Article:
“Christmas at the Courthouse: Gratiot County’s Gift, 1949-1970”

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Christmas Season 1966 at the Gratiot County Courthouse. This photo remains as one of the best remaining pictures of the courthouse taken during the holiday season in Ithaca.
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Glen Rhines prepares to decorate the Gratiot County Courthouse in 1963. The sleigh weighed a lot, but Rhines got to the top of the courthouse. It was a dark time after the death of President Kennedy and the idea of dressing up the courthouse became one that Rhines enjoyed.
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Glen Rhines prepares for Christmas at the courthouse, 1964.
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A man and his reindeer. Glen Rhines prepares for set up in 1966.
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Santa’s Sleigh makes it to Ithaca with help from Hollis Cooper and Glen Rhines.
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Randall Johnson constructed Santa’s throne for 1960.

With the end of World War II, the lights came on in downtown Ithaca. In 1945, the business district celebrated its first Christmas by using more lights. However, this “lighting up” of downtown Ithaca centered around the way businesses decorated their shops and buildings.

In 1946, with the end of a nationwide coal strike, the last restrictions came off of all the Christmas decorating in Ithaca. Residents in the city were encouraged to enter a home lighting contest from December 21-25. The winner won $75 in cash, and a trophy went to the best-decorated store. The motto for Ithaca that Christmas was, “A wreath on every door and a tree in every window.” The war was over, expectations about conserving light and energy ended, and it was time to return to a normal Gratiot County Christmas.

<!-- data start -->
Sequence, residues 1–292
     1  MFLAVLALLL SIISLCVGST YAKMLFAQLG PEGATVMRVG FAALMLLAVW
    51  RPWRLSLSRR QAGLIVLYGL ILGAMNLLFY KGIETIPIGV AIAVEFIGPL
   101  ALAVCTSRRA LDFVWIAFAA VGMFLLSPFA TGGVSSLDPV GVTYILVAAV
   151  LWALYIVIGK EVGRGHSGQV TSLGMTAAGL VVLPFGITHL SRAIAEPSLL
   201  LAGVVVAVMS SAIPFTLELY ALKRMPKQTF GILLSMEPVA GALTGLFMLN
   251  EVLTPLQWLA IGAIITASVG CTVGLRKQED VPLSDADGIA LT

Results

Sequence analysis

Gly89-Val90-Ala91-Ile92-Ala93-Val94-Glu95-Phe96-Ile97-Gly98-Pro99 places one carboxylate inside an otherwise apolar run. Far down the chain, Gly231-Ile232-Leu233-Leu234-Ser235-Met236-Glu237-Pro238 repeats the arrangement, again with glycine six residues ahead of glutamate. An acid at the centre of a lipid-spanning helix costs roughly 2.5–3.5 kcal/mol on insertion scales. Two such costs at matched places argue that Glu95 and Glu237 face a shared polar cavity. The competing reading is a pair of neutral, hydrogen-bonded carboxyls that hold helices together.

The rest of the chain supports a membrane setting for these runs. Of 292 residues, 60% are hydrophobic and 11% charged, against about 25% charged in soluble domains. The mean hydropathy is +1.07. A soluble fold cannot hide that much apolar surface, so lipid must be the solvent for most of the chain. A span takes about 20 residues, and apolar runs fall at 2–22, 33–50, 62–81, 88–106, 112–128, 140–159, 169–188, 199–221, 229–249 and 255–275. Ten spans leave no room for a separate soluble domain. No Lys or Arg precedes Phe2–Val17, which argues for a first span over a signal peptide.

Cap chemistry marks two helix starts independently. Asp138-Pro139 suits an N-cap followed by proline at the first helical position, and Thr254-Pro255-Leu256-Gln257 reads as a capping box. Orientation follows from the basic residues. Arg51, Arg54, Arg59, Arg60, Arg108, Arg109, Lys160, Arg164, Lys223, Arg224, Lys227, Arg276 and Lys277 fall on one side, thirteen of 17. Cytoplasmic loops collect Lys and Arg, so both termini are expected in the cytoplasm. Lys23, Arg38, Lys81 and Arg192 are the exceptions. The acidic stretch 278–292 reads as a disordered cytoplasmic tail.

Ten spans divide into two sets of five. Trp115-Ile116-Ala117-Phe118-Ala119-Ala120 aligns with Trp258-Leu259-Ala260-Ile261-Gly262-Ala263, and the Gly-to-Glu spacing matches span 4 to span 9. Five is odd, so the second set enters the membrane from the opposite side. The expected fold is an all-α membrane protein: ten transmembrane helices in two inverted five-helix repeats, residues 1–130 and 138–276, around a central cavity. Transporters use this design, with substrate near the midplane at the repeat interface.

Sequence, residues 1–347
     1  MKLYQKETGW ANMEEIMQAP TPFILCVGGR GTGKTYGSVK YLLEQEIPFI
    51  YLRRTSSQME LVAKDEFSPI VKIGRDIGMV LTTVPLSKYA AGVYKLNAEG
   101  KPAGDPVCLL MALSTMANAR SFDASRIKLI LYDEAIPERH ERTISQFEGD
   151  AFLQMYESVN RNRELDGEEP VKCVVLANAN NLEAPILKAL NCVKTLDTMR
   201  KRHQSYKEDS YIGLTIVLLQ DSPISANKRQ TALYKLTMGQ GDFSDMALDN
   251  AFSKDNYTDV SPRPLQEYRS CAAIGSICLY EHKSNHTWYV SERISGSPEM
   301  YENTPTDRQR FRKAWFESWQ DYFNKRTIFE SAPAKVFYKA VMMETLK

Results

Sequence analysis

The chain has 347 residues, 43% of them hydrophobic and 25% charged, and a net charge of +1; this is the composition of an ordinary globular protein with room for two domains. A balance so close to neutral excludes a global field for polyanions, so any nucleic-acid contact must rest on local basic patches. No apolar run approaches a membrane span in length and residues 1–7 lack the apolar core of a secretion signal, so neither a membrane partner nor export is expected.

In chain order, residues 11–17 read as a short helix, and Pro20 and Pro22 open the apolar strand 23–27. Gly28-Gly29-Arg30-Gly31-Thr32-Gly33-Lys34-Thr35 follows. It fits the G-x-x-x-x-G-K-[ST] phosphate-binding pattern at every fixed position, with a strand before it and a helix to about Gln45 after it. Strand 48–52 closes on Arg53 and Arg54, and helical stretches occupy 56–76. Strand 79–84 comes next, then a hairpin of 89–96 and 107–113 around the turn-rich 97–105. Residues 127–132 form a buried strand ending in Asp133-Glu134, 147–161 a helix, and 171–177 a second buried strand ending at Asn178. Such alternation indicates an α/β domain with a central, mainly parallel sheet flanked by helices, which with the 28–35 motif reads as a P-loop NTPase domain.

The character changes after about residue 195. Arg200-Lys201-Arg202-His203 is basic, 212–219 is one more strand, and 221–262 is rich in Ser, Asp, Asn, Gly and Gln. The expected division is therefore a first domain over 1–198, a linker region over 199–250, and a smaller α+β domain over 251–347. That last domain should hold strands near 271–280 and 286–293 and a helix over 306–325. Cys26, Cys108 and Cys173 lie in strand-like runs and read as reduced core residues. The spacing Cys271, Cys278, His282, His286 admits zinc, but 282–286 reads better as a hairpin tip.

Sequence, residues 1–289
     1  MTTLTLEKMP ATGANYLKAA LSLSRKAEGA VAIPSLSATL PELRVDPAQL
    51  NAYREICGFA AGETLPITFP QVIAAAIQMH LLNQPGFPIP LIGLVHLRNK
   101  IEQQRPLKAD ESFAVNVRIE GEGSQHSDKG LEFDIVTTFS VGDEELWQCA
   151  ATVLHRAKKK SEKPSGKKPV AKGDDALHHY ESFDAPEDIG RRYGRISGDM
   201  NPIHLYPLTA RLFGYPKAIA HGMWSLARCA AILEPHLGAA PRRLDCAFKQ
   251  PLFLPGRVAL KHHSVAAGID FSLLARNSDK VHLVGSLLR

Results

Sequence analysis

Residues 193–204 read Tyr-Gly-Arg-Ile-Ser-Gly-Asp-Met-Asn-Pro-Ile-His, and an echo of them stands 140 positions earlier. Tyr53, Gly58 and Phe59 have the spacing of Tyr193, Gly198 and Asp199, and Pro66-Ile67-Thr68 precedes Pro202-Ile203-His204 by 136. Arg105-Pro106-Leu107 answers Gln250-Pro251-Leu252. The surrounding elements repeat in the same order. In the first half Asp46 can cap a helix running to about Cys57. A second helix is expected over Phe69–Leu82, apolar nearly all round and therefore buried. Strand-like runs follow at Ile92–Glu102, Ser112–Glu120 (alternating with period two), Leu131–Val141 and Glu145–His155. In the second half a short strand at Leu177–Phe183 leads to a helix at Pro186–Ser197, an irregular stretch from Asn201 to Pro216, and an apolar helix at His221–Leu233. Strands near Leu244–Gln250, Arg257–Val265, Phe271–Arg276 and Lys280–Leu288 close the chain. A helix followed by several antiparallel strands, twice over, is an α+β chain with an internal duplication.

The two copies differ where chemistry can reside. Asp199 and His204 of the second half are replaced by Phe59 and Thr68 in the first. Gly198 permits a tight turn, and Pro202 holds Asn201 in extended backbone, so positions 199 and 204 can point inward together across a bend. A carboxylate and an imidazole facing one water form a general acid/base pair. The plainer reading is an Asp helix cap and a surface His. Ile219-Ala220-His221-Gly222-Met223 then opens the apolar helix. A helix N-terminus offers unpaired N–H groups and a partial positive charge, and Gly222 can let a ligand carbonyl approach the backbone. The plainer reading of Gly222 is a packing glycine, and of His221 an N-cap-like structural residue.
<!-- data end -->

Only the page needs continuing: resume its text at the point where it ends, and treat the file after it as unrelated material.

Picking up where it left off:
Three years later, in 1949, the Gratiot County Courthouse officially debuted with “special lighting effects.” These included strings of lights that were fastened from the top of the courthouse and extended down toward Center Street. Santa, sleigh, and his reindeer all sat on top of the building, along with lighted Christmas trees. Each window of the courthouse had either a glowing star or a candle in it. Other trees on the grounds were also lighted. Shoppers downtown also saw designed wreaths on each light pole, and they heard Christmas music playing over the loudspeakers.

Starting in the 1950s, Ithaca encouraged residents to go all out and decorate their homes and lawns at Christmas. Churches also were asked to participate, and those with the most entertaining scenes received recognition in the newspaper. In 1962, The Edwin McGillis family on East Newark Street won first prize and a $25 Savings Bond for their nativity scene, which included over 20 hand-cut and painted figures that they had on their lawn. McGillis told the Gratiot County Herald that he spent over 350 hours on the display.